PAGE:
Ethnic Studies with professors and hiring power
Major Cultures with classes on colonialism and race
responsibly through community input
Increase administrative support

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Wednesday, November 14, 2007

Press Release: Wednesday, November 14, 2007


Students win concessions in hunger strike negotiations; strikers to continue fasting until all demands are addressed

Wednesday, November 14, 2007

Contact: Jamie Chen, Student Organizer,, 240.305.7628
Contact: David Judd, Student Organizer,, 646.326.0944

RALLY, NOVEMBER 15, 2007, 12 NOON at the Sundial at Columbia University
College Walk, W. 116th St., between Broadway and Amsterdam

Tonight, despite the administration briefly declaring negotiations closed, the coalition of students and faculty at Columbia University involved with a hunger strike won a set of concessions from the administration regarding curricular and administrative reform. The strike will continue until administrators and student negotiators reach agreement on revisions to Columbia's plan to expand into West Harlem.

The administration has committed, subject to approval by the Task Force on Undergraduate Education, to raising fifty million dollars in order to staff a seminar format for the non-Western portion of the Core Curriculum. Currently, every other Humanities requirement in the Core is taught in capped seminar format. Administrators will also put out a call for proposals from faculty for new courses for the Core Curriculum.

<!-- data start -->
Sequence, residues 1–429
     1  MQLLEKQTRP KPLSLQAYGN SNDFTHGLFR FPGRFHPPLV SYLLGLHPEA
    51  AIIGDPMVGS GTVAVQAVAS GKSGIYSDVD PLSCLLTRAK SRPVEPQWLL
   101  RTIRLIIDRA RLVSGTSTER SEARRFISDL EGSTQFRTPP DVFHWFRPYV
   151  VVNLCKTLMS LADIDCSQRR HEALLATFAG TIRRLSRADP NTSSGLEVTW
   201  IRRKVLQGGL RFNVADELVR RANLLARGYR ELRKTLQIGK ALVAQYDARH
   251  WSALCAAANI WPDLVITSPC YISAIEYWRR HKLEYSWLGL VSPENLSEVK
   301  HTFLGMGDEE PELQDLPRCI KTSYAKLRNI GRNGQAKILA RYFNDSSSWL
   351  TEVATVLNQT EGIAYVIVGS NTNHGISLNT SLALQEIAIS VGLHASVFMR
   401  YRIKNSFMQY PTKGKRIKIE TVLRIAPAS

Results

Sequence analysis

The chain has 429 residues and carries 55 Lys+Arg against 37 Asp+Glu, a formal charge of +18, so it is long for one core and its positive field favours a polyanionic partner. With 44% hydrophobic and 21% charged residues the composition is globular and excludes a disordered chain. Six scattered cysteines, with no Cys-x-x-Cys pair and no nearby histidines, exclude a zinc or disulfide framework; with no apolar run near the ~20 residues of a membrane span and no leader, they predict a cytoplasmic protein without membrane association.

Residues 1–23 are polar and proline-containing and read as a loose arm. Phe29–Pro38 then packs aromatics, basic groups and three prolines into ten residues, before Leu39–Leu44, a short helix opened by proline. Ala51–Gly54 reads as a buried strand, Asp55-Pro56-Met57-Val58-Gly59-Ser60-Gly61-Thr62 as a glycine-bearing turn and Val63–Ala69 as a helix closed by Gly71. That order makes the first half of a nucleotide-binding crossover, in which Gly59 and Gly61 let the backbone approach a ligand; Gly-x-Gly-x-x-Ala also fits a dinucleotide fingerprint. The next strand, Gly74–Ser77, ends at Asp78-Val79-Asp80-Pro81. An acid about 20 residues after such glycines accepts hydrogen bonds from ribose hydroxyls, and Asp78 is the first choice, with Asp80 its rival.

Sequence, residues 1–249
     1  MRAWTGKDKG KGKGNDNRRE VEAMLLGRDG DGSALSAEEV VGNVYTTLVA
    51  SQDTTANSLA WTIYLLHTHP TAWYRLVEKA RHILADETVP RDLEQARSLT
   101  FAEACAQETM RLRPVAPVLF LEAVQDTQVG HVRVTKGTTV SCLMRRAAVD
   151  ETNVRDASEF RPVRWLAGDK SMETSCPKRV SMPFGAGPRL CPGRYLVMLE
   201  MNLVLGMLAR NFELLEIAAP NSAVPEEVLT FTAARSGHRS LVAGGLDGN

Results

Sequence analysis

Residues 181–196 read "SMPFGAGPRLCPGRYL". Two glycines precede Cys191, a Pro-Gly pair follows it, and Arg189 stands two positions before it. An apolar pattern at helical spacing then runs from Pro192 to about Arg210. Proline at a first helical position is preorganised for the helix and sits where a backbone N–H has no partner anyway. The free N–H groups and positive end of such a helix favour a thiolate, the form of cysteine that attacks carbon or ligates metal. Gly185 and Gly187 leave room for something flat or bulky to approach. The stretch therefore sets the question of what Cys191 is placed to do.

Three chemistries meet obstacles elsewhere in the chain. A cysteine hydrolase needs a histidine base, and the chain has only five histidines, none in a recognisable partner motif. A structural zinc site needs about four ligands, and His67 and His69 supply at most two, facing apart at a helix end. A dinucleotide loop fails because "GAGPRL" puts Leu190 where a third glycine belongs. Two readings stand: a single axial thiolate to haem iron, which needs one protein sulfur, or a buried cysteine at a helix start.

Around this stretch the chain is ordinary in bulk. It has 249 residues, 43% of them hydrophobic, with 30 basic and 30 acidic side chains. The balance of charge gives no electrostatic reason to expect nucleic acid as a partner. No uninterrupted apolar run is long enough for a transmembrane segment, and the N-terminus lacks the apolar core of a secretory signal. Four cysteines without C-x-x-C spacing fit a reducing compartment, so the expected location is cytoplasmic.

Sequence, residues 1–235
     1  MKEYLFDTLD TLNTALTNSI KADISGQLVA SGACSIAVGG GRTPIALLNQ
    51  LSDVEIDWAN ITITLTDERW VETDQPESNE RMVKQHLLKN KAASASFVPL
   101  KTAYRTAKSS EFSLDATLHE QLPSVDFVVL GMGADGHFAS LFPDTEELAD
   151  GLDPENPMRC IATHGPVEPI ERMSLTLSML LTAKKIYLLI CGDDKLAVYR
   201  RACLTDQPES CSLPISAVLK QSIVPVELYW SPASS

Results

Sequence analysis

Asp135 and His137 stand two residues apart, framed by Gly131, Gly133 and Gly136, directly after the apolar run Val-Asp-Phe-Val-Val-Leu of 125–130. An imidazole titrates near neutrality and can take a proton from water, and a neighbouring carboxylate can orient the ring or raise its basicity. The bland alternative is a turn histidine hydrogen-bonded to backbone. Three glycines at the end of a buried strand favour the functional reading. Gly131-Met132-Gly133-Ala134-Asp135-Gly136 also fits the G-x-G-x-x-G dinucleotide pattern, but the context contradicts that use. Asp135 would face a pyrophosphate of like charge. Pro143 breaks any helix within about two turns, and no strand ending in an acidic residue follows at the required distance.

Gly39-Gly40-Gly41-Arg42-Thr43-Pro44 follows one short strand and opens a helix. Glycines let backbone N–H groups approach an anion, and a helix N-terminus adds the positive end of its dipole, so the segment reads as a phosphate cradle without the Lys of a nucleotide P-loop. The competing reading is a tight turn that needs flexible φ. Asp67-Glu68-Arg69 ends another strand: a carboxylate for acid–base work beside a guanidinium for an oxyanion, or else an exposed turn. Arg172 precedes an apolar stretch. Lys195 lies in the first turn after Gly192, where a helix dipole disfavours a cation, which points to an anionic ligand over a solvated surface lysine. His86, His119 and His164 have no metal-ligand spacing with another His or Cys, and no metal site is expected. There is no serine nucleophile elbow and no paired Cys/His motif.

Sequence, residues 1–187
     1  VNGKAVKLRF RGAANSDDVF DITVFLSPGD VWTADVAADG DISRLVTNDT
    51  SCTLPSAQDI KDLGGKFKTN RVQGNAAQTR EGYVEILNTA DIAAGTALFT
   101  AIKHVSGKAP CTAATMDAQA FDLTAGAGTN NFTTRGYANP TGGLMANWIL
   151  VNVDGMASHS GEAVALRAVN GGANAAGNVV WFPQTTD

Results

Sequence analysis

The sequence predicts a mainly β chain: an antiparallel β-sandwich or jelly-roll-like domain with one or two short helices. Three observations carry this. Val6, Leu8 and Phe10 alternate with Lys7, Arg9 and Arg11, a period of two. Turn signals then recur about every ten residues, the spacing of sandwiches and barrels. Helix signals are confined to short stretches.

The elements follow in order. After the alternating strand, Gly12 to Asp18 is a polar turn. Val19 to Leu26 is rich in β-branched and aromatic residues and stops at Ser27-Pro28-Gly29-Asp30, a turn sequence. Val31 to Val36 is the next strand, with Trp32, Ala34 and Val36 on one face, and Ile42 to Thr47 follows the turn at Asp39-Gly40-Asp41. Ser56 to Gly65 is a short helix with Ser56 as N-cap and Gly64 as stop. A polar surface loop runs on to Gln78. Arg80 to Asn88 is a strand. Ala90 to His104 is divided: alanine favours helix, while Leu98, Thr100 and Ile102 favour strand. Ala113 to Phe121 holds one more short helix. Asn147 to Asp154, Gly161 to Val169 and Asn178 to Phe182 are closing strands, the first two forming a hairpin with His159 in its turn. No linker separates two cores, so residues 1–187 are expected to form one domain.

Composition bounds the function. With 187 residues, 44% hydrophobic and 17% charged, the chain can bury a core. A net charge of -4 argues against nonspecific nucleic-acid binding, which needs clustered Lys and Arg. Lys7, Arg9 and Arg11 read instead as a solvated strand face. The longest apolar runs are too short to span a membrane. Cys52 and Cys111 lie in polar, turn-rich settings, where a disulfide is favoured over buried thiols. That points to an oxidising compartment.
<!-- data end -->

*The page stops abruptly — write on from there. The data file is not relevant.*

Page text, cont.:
The administration has agreed to raise funds for the expansion of the Office of Multicultural Affairs, to the extent recommended by a review by a consultant firm. Administrators offered a blueprint for student involvement in the academic review committee for the Center for the Study of Ethnicity and Race, which will decide the future of the Center. Finally, administrators guaranteed that there will be no disciplinary action brought against any hunger striker.

In the late afternoon, administrators issued a demand that two student hunger strikers end their eight day demonstration, or be forced on medical leave for the remainder of the semester. Administrators further threatened that if strikers did not accept a specific set of proposals offered at 7pm, the administration would walk out of negotiations.

While these threats hung in the air, at 9pm, approximately two hundred students gathered for a previously scheduled vigil. Upon hearing the administration's position, students spontaneously formed a rally and marched across campus, gathering in front of Hamilton Hall, where administrators were convened. Hamilton Hall has been the location of student sit-ins several times in the last decades. At this point, the administration resumed negotiations.

Outstanding demands of the coalition of students and faculty include a critical revision of Columbia's plan for expansion into West Harlem. A meeting is scheduled for Thursday to negotiate specific points of compromise brought forth by students.

A larger rally is scheduled for Thursday at noon, to coincide with a luncheon between administrators and major donors to the university.